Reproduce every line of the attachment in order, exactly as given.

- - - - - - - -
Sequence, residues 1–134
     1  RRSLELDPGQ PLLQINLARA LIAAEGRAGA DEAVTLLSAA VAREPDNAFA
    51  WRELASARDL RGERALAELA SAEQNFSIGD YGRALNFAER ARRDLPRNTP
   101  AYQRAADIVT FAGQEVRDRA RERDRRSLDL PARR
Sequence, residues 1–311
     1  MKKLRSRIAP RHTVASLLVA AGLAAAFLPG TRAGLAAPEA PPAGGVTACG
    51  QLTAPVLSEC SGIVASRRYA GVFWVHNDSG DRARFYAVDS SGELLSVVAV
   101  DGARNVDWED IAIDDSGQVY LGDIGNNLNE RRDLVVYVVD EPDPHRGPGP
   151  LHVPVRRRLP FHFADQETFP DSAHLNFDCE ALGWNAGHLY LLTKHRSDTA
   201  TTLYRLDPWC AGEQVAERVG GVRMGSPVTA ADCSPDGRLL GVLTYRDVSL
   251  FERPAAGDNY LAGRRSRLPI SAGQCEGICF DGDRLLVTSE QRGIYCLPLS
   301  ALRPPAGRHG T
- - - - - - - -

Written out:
Sequence, residues 1–134
     1  RRSLELDPGQ PLLQINLARA LIAAEGRAGA DEAVTLLSAA VAREPDNAFA
    51  WRELASARDL RGERALAELA SAEQNFSIGD YGRALNFAER ARRDLPRNTP
   101  AYQRAADIVT FAGQEVRDRA RERDRRSLDL PARR
Sequence, residues 1–311
     1  MKKLRSRIAP RHTVASLLVA AGLAAAFLPG TRAGLAAPEA PPAGGVTACG
    51  QLTAPVLSEC SGIVASRRYA GVFWVHNDSG DRARFYAVDS SGELLSVVAV
   101  DGARNVDWED IAIDDSGQVY LGDIGNNLNE RRDLVVYVVD EPDPHRGPGP
   151  LHVPVRRRLP FHFADQETFP DSAHLNFDCE ALGWNAGHLY LLTKHRSDTA
   201  TTLYRLDPWC AGEQVAERVG GVRMGSPVTA ADCSPDGRLL GVLTYRDVSL
   251  FERPAAGDNY LAGRRSRLPI SAGQCEGICF DGDRLLVTSE QRGIYCLPLS
   301  ALRPPAGRHG T